Homewood youth tap solar energy as ‘gateway’ to betterment

When Jordan Blackwell and DaVontae Garner hit the studio to polish their latest rap composition, the Homewood teenagers were faced with the challenge of trying to rhyme “kilowatt-hour.”

The duo emerged from the session with a 3-minute song — loosely inspired by Drake’s “Energy” — that helps explain why Homewood residents were turning their heads on Frankstown Avenue on Thursday.

Community leaders unveiled “Renaissance Gate,” an installation of solar panels mounted in a run-down lot where a rusted sign marquee used to stand. The panels were aesthetically angled to both take in sunlight and surround the steel frame of an arched gate, which 14-year-old DaVontae said symbolized a gateway to a new Homewood.

“It means hope,” he said. “I’m hoping that it will change the way people have been acting, change the community, make it a bit nicer.”

The panels sit on an unshaded corner across from the 12,000-square-foot community center owned by the Homewood Renaissance Association, a group that provides resources to the neighborhood. The panels will produce about 6,500 kilowatt-hours of electricity for the building, and electrical outlets in the poles holding the panels will provide onsite round-the-clock charging for phones and other portable devices.

The project embodies the intersection of science and art, which is crucial to instill in students at a young age, said Rodney Heard, one of the educators at the six-week Art+Energy Summer Camp, where a group of 19 Homewood students — ranging in age from 8 to 17 — guided the development of the artwork from conceptualization to installation.

The project is the first finished installation for the Land Art Generator Initiative, a nonprofit founded by married couple Robert Ferry and Elizabeth Monoian to develop large-scale public artworks that double as utility-scale renewable energy generation.

The camp was organized by a collaboration of the Land Art Generator Initiative, green buildings nonprofit Conservation Consultants Inc. and the Homewood Renaissance Association. The groups secured funding from the Heinz Endowments, Google Grants and the Three Rivers Community Initiative to oversee camp activities and pay for the materials and installation costs. There’s no short-term maintenance with solar panels, but Ms. Monoian said she would check on it periodically.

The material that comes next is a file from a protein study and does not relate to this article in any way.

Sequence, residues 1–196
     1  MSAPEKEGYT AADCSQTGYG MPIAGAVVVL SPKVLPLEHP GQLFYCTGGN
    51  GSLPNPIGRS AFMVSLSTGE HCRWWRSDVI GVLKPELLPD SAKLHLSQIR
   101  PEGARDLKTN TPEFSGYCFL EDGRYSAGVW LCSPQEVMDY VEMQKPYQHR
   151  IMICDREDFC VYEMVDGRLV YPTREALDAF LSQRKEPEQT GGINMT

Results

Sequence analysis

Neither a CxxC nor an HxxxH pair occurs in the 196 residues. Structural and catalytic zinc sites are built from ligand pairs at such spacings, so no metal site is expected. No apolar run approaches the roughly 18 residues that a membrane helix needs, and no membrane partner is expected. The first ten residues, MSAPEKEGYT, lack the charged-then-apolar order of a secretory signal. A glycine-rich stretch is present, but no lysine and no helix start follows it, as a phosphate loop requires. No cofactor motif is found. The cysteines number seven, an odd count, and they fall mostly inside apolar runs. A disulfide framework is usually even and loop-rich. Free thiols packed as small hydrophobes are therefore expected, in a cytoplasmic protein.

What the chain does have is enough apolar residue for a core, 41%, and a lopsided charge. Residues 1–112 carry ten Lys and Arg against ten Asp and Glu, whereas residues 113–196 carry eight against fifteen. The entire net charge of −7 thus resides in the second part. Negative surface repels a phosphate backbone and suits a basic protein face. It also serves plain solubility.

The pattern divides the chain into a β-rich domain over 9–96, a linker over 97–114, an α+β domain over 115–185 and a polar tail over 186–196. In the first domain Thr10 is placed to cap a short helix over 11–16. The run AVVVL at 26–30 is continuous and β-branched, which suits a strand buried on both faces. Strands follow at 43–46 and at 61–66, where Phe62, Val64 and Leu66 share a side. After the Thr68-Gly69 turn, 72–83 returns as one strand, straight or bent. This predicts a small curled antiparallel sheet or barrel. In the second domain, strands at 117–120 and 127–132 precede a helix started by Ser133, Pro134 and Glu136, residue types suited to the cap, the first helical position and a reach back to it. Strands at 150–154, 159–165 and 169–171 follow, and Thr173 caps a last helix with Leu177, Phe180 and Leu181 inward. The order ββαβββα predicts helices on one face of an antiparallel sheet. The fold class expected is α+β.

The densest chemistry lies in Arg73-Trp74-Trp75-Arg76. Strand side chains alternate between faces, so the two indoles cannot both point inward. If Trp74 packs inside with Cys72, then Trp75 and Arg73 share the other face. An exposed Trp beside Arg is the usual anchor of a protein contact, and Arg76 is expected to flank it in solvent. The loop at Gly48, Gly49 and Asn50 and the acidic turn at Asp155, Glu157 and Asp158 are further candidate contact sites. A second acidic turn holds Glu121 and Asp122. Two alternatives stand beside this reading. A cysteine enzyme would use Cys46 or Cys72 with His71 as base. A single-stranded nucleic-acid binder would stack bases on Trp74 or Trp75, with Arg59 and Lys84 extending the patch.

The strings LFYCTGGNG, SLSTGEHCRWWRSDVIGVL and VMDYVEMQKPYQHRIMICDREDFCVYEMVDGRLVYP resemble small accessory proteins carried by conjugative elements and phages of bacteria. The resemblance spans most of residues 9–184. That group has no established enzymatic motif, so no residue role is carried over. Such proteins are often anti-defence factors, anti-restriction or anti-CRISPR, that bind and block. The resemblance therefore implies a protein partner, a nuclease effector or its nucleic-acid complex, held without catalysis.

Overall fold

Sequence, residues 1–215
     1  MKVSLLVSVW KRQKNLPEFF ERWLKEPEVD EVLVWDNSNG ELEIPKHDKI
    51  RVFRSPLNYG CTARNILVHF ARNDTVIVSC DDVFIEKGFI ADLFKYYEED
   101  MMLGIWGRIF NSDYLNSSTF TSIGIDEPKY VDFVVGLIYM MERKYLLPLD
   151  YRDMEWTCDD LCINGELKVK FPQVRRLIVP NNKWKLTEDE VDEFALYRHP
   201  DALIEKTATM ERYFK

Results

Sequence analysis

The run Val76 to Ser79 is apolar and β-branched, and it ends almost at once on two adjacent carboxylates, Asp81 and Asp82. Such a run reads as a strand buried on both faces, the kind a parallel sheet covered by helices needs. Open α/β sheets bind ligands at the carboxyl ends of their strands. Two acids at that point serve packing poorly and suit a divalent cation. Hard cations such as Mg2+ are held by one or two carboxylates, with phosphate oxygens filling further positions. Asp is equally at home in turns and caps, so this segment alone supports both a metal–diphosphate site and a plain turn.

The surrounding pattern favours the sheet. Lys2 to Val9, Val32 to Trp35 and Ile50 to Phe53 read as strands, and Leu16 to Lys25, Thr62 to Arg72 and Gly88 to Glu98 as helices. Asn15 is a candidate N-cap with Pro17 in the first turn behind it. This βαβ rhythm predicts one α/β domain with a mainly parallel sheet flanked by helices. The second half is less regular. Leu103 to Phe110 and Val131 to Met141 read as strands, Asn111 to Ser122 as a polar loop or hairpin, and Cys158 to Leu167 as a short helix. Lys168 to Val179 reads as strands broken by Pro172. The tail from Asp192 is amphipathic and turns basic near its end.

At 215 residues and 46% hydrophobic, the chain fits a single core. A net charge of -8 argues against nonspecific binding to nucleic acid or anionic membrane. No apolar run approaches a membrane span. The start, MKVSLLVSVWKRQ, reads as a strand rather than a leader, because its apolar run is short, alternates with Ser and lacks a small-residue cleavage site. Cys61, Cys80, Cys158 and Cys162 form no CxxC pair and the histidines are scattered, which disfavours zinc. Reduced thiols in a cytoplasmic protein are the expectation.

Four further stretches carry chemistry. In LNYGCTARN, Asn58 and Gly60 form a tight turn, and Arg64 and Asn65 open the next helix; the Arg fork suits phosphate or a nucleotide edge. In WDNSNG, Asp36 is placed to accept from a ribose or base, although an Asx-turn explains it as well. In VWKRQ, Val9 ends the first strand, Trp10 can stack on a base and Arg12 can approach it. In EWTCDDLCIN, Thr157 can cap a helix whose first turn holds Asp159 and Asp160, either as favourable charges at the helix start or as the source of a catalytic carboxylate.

The first week of camp, which cost a nominal fee, featured a series of field trips highlighting Western Pennsylvania’s variety of energy production.

The students visited FirstEnergy Corp.’s Bruce Mansfield coal-fired power plant and Beaver Valley nuclear power plant, both located along the Ohio River in Shippingport, to learn about the traditional ways of producing electricity.

To see the recent strides in sustainable architecture and clean energy sources, they went to Chatham University’s Eden Hall campus in Richland, the Energy Innovation Center in the Lower Hill District, and Conservation Consultants on the South Side.

Before designing “Renaissance Gate,” Ms. Monoian said the students analyzed the existing sign structure and created prototypes out of Popsicle sticks, clay and construction paper to shape the solar panels — all while discussing how to express their experience in the neighborhood.

“The structure, to them, looked like a gate, something for them to walk through. So that became the concept,” Ms. Monoian said. “To them, it’s a portal for walking through an old Homewood to a new Homewood.”

Last week, North Side-based Underwood Solar stopped by to install a steel frame and the mounts for the panels. On Thursday morning, the group was working on the final touches.

The Homewood campers said the artwork is unlike anything they’ve seen in a neighborhood scattered with graffiti and murals.

“We looked at it as if it has meaning,” DaVontae said. “Graffiti’s just graffiti; it ain’t nothing but just spray paint. This sculpture, you walk past it and be like, ‘Oh, that’s amazing.’ ”

Terrell Williams, 11, said turning a blighted sign into a piece of art symbolized the ability of the community for positive development.

People sometimes think “nothing good can happen in Homewood since it’s such a violent place,” Terrell said. “But since we’ve built these solar panels, people can start to see how much better it is as a community.”

In “Solar Energy,” Jordan and DaVontae trade off lines about how improving the neighborhood can coincide with saving the planet.

“Block out the sun with the smoke, then it’s gonna be polar,” Jordan, 14, methodically raps over the beat. “The whole world would be better off if we just went solar.”

DaVontae follows with a verse: “Stop the violence, this is science. People come together, let’s build an alliance.”

Daniel Moore: dmoore@post-gazette.com, 412-263-2743 or on Twitter @PGdanielmoore.

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